November 13, 2008
You have perhaps heard of some of the hubbub surrounding the publication of Peter Heeh's recent biography of Sri Aurobindo, The Lives of Sri Aurobindo, published by Columbia University Press. As a professor teaching Art History at Pasadena City College and UCLA, I can see the beginning of a new opening to the message of Indian spirituality and the special contribuition of Sri Aurobindo as a result of scholarly attention to this book. All those I know who have read the book have been positively impacted by the horizons of human possibility represented in Sri Aurobindo's life through the book's unsentimental portrayal.
To give an instance, one of my colleagues, Dr. Nalini Rao, professor of Art History at Soka University in Irvine and daughter of renowned archaeologist, Dr. S. R. Rao, hearing about the controversies that have surrounded the book, at first reacted in a strongly negative manner to the text's purported denouncement of hagiography, saying that hagiography is the form of Indian sacred biography and "a foreigner" should not be running it down. I asked her whether she had read the book and she answered that she had not. About a week later, she called me to say that she had bought and read the book and could just not understand what the problem was. She said she enjoyed reading the book and felt inspired by Sri Aurobindo's life. In fact, she is now taking a group of 12 students to Auroville to learn about the kind of spiritual society that Sri Aurobindo and the Mother have set up as a model experiment.
This is the case of an Indian academic in America. Western academics are more unreserved in their appreciation. Dr. Christopher Chapple, head of the Comparative Theology department at Loyola Marymount University in Los Angeles, was all praise for the book, hailing it as a way by which the very necessary work and message of Sri Aurobindo could get out to a larger sphere of those who concern themselves with the problems of the modern world and of human destiny.
The book reviews have also started coming in and they are also unequivocally positive in their assessment. Here, for example is Choice Reviews for Academic Libraries.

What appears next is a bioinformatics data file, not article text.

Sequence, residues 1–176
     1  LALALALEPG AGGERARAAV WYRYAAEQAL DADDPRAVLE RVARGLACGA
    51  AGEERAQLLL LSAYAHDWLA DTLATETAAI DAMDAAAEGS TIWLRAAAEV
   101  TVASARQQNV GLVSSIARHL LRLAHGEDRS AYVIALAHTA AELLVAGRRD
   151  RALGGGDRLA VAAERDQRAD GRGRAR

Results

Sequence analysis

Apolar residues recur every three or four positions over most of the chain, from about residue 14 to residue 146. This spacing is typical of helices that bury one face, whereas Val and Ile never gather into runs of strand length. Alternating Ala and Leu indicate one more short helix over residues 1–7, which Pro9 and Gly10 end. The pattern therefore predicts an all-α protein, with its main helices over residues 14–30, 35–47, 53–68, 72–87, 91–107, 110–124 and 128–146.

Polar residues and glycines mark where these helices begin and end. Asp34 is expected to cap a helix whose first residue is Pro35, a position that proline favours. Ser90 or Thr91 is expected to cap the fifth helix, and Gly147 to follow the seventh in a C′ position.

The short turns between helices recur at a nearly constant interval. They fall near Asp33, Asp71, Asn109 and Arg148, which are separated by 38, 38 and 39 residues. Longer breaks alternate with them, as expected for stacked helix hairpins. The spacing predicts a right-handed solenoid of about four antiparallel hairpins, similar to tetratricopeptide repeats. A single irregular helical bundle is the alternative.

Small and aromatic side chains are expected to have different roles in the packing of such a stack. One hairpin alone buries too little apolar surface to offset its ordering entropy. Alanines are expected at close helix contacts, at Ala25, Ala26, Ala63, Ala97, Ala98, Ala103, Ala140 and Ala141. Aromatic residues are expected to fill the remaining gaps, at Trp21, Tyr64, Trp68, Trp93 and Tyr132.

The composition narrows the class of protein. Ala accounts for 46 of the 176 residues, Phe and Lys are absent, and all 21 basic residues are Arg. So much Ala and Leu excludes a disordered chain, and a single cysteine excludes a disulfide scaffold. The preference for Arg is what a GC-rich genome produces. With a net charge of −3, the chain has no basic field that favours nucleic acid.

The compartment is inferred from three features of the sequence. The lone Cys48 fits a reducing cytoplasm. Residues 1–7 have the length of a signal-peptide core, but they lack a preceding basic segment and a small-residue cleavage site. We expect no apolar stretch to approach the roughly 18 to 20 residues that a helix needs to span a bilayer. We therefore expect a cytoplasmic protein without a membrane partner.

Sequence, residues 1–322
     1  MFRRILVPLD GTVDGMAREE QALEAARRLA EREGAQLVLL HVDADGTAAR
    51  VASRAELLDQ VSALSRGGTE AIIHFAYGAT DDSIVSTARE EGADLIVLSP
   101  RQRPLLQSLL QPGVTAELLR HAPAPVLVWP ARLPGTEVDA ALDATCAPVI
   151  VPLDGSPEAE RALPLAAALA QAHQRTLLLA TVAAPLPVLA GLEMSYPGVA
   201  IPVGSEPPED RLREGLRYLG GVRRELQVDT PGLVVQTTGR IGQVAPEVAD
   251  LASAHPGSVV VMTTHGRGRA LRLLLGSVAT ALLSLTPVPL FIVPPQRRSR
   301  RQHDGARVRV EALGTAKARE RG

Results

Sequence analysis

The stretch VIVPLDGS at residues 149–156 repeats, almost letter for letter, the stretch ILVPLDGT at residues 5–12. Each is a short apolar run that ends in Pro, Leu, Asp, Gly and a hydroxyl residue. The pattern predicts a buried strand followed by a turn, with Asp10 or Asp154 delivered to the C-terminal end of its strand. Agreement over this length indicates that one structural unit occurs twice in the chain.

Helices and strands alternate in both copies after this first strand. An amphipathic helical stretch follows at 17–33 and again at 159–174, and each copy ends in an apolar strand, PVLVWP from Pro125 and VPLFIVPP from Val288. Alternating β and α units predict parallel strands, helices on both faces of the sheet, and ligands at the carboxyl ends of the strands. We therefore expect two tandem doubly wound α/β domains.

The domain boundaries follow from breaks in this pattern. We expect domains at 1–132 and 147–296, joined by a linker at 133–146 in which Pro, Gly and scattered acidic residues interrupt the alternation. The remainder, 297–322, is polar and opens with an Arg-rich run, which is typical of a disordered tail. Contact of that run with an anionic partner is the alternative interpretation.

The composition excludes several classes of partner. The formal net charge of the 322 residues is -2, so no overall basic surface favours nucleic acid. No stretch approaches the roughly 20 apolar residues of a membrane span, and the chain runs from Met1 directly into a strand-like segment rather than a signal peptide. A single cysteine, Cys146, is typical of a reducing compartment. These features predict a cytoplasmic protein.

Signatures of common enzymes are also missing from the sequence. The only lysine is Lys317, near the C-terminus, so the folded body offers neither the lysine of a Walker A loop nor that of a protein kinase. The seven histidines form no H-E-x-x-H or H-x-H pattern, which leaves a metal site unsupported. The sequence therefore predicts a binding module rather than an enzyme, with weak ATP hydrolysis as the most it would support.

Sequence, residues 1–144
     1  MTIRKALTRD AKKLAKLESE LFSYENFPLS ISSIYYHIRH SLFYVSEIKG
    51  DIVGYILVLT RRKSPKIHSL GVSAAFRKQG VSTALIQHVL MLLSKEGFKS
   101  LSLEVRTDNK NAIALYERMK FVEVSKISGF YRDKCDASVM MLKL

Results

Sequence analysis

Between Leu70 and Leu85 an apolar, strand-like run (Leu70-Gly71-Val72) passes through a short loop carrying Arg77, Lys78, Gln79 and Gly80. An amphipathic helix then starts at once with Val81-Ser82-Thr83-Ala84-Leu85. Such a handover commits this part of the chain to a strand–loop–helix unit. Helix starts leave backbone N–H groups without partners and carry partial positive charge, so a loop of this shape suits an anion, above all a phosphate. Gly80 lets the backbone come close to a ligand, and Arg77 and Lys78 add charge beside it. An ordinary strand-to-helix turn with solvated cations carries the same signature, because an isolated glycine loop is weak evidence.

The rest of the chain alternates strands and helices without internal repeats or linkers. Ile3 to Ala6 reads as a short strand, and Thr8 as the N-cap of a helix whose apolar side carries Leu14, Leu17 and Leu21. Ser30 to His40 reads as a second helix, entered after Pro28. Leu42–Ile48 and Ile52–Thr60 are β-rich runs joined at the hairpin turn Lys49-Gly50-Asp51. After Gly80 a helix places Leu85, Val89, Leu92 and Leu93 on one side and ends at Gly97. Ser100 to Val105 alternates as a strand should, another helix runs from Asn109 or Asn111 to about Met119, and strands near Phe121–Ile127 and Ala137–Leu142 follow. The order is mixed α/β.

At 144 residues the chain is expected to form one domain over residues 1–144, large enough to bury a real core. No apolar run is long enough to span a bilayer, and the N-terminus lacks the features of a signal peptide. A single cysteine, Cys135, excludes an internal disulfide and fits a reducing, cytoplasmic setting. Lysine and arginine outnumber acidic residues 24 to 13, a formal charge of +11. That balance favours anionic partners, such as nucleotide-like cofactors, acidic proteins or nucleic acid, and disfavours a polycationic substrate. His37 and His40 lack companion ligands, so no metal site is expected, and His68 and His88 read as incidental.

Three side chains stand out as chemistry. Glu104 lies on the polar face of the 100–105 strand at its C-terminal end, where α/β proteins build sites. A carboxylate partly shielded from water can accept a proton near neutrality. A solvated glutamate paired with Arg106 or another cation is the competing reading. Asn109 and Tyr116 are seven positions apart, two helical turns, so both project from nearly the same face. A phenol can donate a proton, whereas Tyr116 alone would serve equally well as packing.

...Many expositions and commentaries on Sri Aurobindo's principal works have been written, especially on The Life Divine, but this reviewer believes that Heehs's book stands out as the very best by enabling readers to understand the various circumstances that led Sri Aurobindo to his final destination. Heehs (independent scholar) richly deserves congratulations for the first-class research and scholarship evident in this rare work. Excellent notes, bibliography, and index enhance the book's value. All students and scholars of Sri Aurobindo will find this extraordinary book most rewarding. Summing Up: Essential. Graduate students and faculty/researchers; general readers. — R. Puligandla, Emeritus, University of Toledo.
In the light of this reception, it is extremely disheartening to see that a handful of zealous disciples in India have taken it upon themselves to denounce the book, force its author out of the archives (they have succeeded in this) and the ashram and now, to ban the book from Indian publication. Perhaps you are aware of all the circumstances around these activities, but I felt compelled to draw your attention to some of these activities, specially since you are the Chairman of the Advisory Council for Ananda Reddy's University of Tomorrow. The zealots who have utilized methods of distorted mass propaganda to achieve a universal ill-will towards the book and its author in India, are unfortunately, mostly teachers with academic pretensions. It is Ananda Reddy, Sraddhalu Ranade, Kittu Reddy, Alok Pandey, R.Y. Deshpande, Vijay Poddar and Sacchidananda Mohanty, all figures, who by dint of teaching Sri Aurobindo, have set themselves up as controllers of opinion in the Sri Aurobindo community, that have used their power over the masses irresponsibly to achieve fundamentalist and cultist religious and political ends, completely contrary to what Sri Aurobindo and the Mother have stood for.
My intent in this letter is not to urge you to any specific action, Karan-ji. I respect and admire your clarity of vision and inspired support of Sri Aurobindo and India's spiritual contribution to the modern world and humanity at large. At a time when the mass of Sri Aurobindo's Indian followers seem swayed by the religious rhetoric of these leaders of opinion, there is a madness which passes itself off as sanity and the forces of enlightenment have no place to stake their claim on truth. My words are only an expression sent to a respected elder and fellow-traveler to the goal of universal oneness and harmony, so that you may give your attention to the serious damage being done here and act according to your best judgement.
With love and respect,